Trust in nature – and stop raking up your garden leaves



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It’s a 66m-year-old decision. Some trees got there much quicker; some took a little longer. But most of the broad-leaved trees that we know and love – the magnolias, plane trees, elms, beech, walnuts, limes, oaks, maples and horse chestnuts – made a calculated decision to drop their leaves come autumn. Large, soft leaves are hard to protect in the winter weather, so the trees evolved to lose them, but not their valuable resources.

Leaf fall is a precision art for a deciduous tree – it’s a salvage operation on the greatest scale as the tree works quickly to bank the resources hidden inside the pigments of the leaves. The greens of chlorophyll go first, then the yellows of the xanthonoids, and then the orange carotenoids, until all that is left is brown – at which point the tree lets its foliage go.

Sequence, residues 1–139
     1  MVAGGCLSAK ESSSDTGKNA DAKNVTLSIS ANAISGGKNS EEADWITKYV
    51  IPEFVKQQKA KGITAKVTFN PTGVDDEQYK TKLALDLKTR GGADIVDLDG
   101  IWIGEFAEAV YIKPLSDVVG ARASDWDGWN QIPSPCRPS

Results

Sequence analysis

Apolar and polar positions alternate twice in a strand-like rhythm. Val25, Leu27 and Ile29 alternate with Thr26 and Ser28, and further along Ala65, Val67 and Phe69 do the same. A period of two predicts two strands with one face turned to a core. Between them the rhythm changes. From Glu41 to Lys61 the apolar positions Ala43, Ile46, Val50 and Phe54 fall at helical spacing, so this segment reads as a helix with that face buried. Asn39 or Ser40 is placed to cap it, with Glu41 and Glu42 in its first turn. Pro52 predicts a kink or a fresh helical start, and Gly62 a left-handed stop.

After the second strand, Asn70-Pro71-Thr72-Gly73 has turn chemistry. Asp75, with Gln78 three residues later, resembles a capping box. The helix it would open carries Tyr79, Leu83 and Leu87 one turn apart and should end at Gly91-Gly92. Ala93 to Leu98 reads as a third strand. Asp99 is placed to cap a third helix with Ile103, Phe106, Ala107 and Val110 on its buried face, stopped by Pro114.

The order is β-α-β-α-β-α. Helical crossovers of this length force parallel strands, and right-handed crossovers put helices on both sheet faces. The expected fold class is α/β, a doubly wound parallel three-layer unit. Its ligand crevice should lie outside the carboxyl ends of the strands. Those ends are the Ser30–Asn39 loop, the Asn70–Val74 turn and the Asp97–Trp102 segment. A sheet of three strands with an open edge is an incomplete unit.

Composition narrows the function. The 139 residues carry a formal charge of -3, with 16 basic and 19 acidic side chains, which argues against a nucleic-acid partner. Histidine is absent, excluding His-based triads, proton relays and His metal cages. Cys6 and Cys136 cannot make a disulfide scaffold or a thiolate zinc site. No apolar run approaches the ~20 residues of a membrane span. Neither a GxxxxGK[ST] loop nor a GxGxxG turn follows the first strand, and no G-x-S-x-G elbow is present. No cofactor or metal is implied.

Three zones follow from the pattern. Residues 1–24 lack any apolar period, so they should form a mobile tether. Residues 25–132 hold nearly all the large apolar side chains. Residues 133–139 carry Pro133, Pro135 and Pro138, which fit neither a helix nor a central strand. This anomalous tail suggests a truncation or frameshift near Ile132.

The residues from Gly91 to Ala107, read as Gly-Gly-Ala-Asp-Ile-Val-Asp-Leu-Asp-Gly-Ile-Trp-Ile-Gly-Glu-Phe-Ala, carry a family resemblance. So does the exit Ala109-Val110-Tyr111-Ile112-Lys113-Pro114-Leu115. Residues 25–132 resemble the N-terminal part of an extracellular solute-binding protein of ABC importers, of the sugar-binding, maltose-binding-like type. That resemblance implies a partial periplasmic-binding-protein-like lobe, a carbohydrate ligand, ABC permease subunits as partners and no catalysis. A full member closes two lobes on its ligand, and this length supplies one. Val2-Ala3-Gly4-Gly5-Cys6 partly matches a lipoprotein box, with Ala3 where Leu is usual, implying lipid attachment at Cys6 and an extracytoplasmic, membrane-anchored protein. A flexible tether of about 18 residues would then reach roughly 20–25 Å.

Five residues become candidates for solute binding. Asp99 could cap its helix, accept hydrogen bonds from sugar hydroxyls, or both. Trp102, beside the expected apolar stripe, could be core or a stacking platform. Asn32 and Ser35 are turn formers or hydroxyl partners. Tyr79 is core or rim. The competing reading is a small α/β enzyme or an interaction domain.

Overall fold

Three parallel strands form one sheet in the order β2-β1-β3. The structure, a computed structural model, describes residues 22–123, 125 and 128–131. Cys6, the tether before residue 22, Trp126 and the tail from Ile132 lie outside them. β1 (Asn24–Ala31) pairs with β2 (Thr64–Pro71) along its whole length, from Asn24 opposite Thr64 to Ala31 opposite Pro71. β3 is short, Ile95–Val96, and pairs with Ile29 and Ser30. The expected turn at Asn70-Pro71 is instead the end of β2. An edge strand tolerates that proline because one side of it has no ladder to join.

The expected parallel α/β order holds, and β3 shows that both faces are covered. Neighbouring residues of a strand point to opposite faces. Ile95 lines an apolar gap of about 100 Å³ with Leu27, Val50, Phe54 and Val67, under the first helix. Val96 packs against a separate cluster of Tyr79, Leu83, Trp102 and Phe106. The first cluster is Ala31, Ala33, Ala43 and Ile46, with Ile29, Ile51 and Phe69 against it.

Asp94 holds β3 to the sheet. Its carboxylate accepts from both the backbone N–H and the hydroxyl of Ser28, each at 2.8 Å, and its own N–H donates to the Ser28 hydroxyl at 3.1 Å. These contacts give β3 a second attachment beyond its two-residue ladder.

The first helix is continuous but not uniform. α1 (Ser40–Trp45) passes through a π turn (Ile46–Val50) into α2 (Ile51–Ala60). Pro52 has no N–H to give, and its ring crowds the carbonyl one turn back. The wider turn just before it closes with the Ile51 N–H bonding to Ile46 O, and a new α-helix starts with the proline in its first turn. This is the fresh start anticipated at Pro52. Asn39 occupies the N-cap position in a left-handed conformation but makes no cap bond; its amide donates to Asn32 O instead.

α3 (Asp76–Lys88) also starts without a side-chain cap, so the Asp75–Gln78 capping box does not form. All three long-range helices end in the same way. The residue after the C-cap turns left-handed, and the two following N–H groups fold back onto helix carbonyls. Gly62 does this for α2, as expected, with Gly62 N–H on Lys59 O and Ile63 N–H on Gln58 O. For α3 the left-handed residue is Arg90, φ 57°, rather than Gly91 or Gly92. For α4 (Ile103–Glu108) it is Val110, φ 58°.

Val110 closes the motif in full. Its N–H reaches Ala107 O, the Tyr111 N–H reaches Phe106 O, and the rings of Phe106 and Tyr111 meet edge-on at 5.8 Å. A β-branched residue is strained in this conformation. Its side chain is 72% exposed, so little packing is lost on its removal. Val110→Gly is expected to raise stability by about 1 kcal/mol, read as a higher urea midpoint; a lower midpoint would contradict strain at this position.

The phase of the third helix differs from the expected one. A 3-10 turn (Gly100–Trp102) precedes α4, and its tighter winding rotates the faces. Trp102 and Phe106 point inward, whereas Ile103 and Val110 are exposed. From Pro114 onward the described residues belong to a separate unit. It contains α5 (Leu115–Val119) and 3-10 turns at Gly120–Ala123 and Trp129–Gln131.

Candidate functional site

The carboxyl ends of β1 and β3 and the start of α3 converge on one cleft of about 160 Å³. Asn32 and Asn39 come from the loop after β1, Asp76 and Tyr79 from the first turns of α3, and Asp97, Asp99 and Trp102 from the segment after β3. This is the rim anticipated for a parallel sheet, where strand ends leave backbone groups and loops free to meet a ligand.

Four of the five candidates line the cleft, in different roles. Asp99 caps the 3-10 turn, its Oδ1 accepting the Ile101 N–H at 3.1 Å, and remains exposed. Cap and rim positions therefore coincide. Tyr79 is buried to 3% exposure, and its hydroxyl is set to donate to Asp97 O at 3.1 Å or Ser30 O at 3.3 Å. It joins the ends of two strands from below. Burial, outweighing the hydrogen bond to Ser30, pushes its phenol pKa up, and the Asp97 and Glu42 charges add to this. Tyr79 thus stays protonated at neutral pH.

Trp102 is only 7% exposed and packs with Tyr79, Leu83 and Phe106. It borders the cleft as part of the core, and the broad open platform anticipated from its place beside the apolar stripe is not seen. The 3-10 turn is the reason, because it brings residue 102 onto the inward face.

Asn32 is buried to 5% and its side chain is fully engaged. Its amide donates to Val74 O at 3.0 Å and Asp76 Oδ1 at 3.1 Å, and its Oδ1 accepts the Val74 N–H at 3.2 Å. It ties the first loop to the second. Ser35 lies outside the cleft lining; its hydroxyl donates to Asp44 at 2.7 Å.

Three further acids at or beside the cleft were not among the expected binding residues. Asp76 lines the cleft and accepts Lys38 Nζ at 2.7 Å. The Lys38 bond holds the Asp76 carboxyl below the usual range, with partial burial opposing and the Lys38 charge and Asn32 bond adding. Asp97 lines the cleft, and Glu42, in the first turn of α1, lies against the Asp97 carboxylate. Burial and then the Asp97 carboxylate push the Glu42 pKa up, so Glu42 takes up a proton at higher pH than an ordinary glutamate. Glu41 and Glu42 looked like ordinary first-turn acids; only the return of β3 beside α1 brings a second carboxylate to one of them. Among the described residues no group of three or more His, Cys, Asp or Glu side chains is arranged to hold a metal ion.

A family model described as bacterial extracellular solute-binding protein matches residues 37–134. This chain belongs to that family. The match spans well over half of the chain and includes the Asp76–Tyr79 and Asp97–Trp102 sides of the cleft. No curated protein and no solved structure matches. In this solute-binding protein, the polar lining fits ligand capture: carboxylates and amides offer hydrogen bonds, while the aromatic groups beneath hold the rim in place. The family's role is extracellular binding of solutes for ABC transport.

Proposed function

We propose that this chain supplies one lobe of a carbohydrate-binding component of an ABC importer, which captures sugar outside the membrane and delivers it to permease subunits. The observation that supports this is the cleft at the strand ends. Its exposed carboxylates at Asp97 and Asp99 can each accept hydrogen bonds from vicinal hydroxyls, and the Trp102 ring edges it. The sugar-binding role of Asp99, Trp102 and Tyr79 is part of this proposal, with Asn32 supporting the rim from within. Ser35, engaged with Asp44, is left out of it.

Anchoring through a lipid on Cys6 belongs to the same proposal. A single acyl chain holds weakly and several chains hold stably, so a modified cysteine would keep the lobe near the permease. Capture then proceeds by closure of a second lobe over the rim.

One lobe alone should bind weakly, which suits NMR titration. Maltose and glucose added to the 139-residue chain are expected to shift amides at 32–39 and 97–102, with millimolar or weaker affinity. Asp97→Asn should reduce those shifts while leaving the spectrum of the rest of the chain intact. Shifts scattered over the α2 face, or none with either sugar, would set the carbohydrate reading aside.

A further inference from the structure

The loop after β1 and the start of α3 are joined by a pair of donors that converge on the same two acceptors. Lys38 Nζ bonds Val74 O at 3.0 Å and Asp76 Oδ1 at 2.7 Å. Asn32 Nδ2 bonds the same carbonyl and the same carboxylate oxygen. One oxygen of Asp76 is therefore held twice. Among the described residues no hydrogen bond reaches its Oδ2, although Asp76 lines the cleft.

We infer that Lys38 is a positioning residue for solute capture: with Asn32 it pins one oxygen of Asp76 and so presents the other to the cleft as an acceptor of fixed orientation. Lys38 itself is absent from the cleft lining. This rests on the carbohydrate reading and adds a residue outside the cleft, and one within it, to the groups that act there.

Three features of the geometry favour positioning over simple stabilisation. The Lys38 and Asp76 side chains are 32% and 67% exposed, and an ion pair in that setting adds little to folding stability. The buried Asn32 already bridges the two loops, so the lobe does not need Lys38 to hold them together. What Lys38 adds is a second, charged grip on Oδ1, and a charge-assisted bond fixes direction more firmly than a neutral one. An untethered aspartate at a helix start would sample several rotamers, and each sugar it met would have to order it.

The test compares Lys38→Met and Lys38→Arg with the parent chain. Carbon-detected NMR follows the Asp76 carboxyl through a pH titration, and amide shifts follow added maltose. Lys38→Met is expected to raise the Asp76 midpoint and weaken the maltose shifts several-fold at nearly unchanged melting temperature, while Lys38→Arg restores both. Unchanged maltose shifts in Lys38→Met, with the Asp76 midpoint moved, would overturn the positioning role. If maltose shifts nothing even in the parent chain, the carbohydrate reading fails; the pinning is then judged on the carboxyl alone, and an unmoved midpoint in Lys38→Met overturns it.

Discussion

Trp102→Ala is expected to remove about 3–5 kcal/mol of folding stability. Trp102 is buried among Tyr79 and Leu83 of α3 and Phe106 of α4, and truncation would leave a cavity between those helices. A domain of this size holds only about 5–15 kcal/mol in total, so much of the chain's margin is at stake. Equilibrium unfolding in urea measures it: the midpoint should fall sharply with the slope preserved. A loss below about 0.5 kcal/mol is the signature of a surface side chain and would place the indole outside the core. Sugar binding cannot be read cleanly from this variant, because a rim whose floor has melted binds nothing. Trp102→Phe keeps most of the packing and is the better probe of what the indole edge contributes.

But the spent leaves that flutter to the ground aren’t a waste product. They are rich in carbon and play an essential role for the tree and the ecology it supports. The leaves act as a physical barrier for soil, keeping it and its many microbes insulated, and also for the tree roots, as the wet mats of autumn leaves shelter the fragile top layer from the drying winds.

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